A lot was riding on Leslie Podolsky in her first case as a Court Appointed Special Advocate (CASA).
She was assigned to two sisters, Paris and Melanie, thought to be 5 and 4, respectively, who had been placed in foster care after their father was killed and their mother proved unable to care for them. Little was known about the girls beyond that they were developmentally disabled and didn’t speak at all.
Leslie drew the assignment because she had earned a master’s degree in early childhood education and had just completed CASA of Los Angeles’ early childhood training. She started her work on the case by doing what every CASA does first—she visited the kids in their home.
“When I first met the foster mother, she looked overwhelmed,” Leslie remembers. “Paris was clearly very autistic, and she would spin all the time, something known as self-stimulating behavior, to the point where she was going through a pair of shoes every two weeks. Plus the kids were frustrated because they had no way of communicating with anyone about their needs or their wants.”
Leslie’s investigation took her to the girls’ schools, where, in seeing the grades they were assigned to, she learned the girls were not 5 and 4 as previously thought, but 6 and 5. But more importantly, she saw how profound their educational needs were.
“These girls were mysteries,” Leslie explains. “They weren’t wild children. They had some basic skills, like dressing themselves and using the bathroom But nobody knew what they were capable of.”
Almost immediately, she was assigned the girls’ educational rights, and she began working with Harbor Regional Center—an agency contracted by the state to provide community-based services to people with developmental disabilities—to get the girls assessed.
While Paris was severely autistic, Melanie was found to be on the autism spectrum but not autistic.
“Melanie was fascinated with flash cards of the alphabet and literally taught herself how to read,” Leslie says. “I brought her a stack of flash cards and she was able to immediately sort them, yet she had no language.”
Meanwhile, Leslie was also working with the Long Beach Unified School District to develop individualized education programs, or IEPs, for the girls—essential to addressing their special needs. In Paris’ case, the school district was on top of her situation and had moved her to a special school for children with autism. But Leslie felt that Melanie needed extra help, and she successfully advocated for a dedicated classroom aide as well as an additional weekly speech therapy session.
“With the IEPs in place, the girls were progressing at school, but things were lagging at home,” Leslie says. “They were having frequent tantrums and I could see that, without some help, their foster placement might not succeed.”
So she arranged for Paris’ teacher to visit the home and give the foster parents, Irma and Ernesto, tips on integrating what worked in school into the girls’ home lives. The teacher taught them exercises involving tokens and flash cards to motivate Paris to assimilate new routines. Leslie and Irma decorated Melanie’s room with alphabet flash cards to mimic her classroom environment. And Leslie showed Irma and Ernesto how to set up calendars for the girls to help them handle changes in their schedules and new experiences.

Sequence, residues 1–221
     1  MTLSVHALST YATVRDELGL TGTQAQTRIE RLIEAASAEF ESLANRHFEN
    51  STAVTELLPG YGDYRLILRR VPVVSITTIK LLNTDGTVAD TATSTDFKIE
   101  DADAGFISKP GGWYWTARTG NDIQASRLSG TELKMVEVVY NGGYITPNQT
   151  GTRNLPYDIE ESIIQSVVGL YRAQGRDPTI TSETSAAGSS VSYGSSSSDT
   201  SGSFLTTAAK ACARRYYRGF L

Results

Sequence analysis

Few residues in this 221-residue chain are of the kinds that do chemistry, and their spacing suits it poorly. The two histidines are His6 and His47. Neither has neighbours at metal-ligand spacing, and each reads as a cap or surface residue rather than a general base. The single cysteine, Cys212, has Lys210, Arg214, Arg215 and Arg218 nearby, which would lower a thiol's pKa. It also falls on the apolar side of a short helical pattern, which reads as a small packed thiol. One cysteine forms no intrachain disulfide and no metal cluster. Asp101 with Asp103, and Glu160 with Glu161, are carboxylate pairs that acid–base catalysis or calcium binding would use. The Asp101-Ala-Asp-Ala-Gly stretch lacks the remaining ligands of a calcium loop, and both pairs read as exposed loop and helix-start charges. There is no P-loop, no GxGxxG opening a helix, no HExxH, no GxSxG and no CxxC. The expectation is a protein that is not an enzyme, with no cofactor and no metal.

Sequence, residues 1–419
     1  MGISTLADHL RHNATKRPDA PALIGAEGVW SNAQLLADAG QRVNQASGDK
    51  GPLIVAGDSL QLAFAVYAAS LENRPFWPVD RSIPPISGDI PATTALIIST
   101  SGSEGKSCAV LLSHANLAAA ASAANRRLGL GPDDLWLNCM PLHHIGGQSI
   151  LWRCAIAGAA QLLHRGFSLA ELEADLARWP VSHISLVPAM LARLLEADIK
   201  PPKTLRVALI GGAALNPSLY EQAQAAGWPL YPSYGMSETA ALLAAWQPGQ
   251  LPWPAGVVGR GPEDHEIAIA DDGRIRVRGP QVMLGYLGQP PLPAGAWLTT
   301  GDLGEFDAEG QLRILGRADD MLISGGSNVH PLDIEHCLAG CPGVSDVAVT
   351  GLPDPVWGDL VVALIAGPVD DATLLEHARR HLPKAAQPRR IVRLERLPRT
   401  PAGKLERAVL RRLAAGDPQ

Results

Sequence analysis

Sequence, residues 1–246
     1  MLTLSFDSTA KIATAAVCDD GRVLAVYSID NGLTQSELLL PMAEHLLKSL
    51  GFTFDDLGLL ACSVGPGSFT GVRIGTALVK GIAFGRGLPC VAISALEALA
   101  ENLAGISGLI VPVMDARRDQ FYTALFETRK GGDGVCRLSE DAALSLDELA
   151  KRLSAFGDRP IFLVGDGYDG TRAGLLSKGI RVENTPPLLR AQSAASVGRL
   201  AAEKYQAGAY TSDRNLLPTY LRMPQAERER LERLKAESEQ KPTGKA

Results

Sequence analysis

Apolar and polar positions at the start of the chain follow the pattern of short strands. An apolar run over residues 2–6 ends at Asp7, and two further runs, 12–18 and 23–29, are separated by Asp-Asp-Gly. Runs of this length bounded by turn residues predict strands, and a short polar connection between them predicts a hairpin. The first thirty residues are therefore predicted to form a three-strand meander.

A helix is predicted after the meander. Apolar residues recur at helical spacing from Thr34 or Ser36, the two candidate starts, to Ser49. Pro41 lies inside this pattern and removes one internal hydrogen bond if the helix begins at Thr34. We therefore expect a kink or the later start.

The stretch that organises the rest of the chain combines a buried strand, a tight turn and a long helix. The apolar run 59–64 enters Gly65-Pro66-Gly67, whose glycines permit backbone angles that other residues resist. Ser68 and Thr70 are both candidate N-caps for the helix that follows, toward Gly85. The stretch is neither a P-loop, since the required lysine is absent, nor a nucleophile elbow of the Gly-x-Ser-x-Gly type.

“That’s definitely an early childhood technique,” she says. “Plus I’m a big believer in books, and I encouraged Irma to read with each of the girls, which has given them lots of one-on-one time.”
She also helped get the girls numerous support services, including weekly swim lessons, occupational therapy, and, most recently, visits from a behaviorist.
It’s been a little more than two years since Paris and Melanie, now 8 and 7, went to live with Irma and Ernesto, and they’re not just older; they’re different.
“In the beginning, they didn’t talk at all. Now they are talking, greeting people,” Ernesto says. “They are very confident and feel at home.”
Irma, a teacher herself from a family of 18 teachers, also sees the change.
“Paris loves swimming and jumping on the trampoline in the backyard,” she notes. “She has skills on the computer and she reads more now. She has more focus. Melanie reads a lot by herself. She’s more independent.”
Irma and Ernesto are different too. In fact, they became so confident in their ability to handle the girls that they asked to adopt them. They had raised five children of their own, and Paris and Melanie would be their first adoptees.
But this too would require a CASA’s help.
The girls’ biological mother had intermittently sought reunification with the girls, but she consistently failed to meet the terms set by the court or even show up for meetings with the girls.
Leslie had been documenting the biological mother’s failings all along and, as the voice for the girls in court, eventually recommended termination of her parental rights. The court agreed. Then she cited the girls’ recent progress and recommended Irma and Ernesto be allowed to adopt the girls. The court agreed again.
In the run up to the adoption hearing—which took place in late February—Leslie’s calendaring technique helped get the girls ready for the new surroundings and new faces of the courtroom.
When asked if the girls were anxious about the adoption day, Irma answered indirectly.
“I’m the one who’s excited!”